How do labs in India differ from those in North America?
SB: The only Indian laboratory in which I have worked is the Postgraduate Institute of Medical Education and Research in Chandigarh, where I practiced from 1974 to 1992. It is one of the best labs in the country – so perhaps not representative of Indian labs as a whole. However, I have visited many labs in both India and North America.

In India, labs in academic institutions (excluding the top few national institutes) generally lack funding, equipment, quality control, and – worst of all – faculty motivation to excel. The quality of testing and reporting is variable, but rarely reliable. As a result, diligent clinicians often send their patient samples to large multinational laboratories that offer better-quality reporting – kickstarting a vicious cycle in which the local labs receive fewer and fewer samples and thus have fewer and fewer opportunities to learn and improve.

DL: At government medical colleges, resources are limited. Even though the technology is modern, we don’t have a regular supply of reagents – so we often can’t perform necessary tests. Laboratory staff also lack regular training, so their knowledge is often outdated – and, in many institutions, those who retire are not replaced, so laboratories run on skeleton crews. Sadly, it seems that laboratory safety is not always a priority.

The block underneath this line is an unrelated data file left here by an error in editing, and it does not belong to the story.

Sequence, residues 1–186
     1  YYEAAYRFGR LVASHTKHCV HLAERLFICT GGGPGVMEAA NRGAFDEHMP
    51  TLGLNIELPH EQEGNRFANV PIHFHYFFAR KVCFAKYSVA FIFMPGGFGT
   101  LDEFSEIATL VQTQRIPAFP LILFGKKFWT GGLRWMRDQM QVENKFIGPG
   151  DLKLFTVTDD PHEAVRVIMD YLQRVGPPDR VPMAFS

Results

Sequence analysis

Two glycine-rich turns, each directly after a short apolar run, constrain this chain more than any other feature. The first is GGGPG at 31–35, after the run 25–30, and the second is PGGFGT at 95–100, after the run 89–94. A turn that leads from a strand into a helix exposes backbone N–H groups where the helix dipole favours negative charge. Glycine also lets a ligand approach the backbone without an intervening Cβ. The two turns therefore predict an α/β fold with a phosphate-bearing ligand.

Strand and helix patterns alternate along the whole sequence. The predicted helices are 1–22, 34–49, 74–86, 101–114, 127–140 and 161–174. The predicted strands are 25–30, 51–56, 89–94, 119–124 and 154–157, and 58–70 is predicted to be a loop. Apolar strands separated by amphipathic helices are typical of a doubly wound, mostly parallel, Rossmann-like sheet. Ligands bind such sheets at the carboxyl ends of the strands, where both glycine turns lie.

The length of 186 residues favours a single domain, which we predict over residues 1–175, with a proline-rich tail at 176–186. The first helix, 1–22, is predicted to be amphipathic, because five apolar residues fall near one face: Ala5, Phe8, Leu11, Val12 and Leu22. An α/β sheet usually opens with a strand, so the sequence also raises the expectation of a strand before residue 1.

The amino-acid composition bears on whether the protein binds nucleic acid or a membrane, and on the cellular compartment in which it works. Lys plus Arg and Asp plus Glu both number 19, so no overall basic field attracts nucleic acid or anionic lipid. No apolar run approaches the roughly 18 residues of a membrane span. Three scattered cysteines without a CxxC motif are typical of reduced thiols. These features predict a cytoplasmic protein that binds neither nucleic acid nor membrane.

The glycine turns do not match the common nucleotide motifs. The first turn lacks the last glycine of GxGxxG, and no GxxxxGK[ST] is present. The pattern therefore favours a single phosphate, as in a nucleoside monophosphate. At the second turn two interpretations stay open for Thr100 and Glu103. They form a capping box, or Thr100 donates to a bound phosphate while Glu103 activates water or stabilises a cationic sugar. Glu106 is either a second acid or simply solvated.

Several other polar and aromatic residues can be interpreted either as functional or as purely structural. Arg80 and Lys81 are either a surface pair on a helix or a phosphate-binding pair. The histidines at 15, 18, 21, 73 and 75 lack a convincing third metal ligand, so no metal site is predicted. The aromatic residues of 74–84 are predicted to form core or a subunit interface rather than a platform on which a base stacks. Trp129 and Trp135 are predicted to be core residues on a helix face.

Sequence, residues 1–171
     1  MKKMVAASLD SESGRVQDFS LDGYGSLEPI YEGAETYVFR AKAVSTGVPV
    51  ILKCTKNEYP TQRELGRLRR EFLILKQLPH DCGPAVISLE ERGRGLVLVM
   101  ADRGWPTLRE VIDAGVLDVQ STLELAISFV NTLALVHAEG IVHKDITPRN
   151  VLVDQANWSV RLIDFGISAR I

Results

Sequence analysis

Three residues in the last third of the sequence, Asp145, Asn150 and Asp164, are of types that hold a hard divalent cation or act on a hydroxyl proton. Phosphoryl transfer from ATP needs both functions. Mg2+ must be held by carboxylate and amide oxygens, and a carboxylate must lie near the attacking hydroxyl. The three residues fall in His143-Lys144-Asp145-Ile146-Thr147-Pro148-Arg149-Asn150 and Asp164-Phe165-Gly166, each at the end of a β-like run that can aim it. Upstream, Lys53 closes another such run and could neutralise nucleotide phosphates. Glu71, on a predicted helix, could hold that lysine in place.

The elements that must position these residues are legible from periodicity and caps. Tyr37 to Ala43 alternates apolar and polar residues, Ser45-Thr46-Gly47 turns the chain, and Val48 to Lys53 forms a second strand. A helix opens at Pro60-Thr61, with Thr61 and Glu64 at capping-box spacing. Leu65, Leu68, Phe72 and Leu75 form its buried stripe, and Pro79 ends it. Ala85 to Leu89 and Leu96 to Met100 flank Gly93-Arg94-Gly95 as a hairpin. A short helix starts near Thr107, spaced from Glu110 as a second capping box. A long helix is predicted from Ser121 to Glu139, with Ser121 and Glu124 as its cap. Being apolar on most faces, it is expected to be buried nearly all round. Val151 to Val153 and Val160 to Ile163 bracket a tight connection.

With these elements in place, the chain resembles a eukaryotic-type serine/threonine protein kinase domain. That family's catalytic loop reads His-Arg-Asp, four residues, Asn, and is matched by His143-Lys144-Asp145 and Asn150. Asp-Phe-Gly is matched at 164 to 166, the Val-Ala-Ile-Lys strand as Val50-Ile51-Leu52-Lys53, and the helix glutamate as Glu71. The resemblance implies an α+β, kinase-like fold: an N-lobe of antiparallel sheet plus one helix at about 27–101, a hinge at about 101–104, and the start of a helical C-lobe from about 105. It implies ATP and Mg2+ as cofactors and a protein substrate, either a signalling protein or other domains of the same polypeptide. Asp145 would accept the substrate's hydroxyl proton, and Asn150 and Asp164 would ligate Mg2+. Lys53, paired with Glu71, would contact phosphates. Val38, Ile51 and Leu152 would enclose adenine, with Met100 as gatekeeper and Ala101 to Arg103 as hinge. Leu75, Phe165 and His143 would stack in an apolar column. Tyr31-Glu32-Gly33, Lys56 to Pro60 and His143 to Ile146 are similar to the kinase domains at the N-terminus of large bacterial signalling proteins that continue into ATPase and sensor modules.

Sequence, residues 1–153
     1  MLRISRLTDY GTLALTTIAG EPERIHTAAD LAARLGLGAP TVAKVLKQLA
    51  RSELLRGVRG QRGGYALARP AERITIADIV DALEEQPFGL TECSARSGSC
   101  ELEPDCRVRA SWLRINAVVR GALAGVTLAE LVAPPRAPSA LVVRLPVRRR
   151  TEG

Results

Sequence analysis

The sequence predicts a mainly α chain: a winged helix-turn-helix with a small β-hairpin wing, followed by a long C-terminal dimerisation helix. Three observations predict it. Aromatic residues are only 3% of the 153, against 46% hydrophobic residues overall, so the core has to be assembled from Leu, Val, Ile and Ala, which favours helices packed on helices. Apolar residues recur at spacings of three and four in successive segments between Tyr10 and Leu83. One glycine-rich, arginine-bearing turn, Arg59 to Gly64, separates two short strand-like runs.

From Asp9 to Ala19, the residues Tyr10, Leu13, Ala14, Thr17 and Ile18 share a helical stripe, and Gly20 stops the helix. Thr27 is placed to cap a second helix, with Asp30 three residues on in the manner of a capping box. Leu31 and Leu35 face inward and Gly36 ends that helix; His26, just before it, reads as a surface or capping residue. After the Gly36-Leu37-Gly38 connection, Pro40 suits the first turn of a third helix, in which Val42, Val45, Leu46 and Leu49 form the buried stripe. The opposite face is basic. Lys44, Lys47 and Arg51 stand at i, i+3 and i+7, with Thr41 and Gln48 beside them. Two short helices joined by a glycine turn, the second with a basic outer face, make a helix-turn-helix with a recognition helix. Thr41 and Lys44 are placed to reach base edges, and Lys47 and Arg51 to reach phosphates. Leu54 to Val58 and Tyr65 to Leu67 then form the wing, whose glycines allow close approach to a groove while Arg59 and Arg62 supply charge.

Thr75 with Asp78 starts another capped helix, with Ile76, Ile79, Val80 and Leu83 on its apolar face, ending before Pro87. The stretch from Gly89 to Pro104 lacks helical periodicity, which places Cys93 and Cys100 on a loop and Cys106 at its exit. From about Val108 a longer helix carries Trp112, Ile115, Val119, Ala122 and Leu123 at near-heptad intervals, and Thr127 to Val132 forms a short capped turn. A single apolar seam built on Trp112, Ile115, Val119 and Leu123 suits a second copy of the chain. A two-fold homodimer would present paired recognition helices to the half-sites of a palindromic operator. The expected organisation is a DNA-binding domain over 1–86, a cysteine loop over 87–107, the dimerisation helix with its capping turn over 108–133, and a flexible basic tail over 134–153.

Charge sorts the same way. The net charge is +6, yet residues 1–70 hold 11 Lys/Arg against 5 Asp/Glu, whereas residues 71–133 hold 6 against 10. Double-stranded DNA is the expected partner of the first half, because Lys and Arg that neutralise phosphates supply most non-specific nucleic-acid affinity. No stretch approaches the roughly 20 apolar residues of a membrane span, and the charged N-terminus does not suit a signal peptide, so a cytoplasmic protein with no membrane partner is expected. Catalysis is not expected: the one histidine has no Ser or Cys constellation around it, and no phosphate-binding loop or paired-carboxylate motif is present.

Because there is no regulatory agency in India, very few labs are quality-conscious. NABL 15189:2012 accreditation is purely voluntary; less than 1 percent of labs are accredited. Without efficient, credible, and quality-conscious diagnostic reports, the future of healthcare in India will continue to languish. We need a set of binding rules and regulations for pathology labs.

In the US, on the other hand, the Centers for Medicare & Medicaid Services regulate all laboratory testing (except research) performed on humans via the Clinical Laboratory Improvement Amendments. All clinical laboratories must be properly certified to receive Medicare or Medicaid payments. Many US labs have state-of-the-art technology and place a high priority on safety.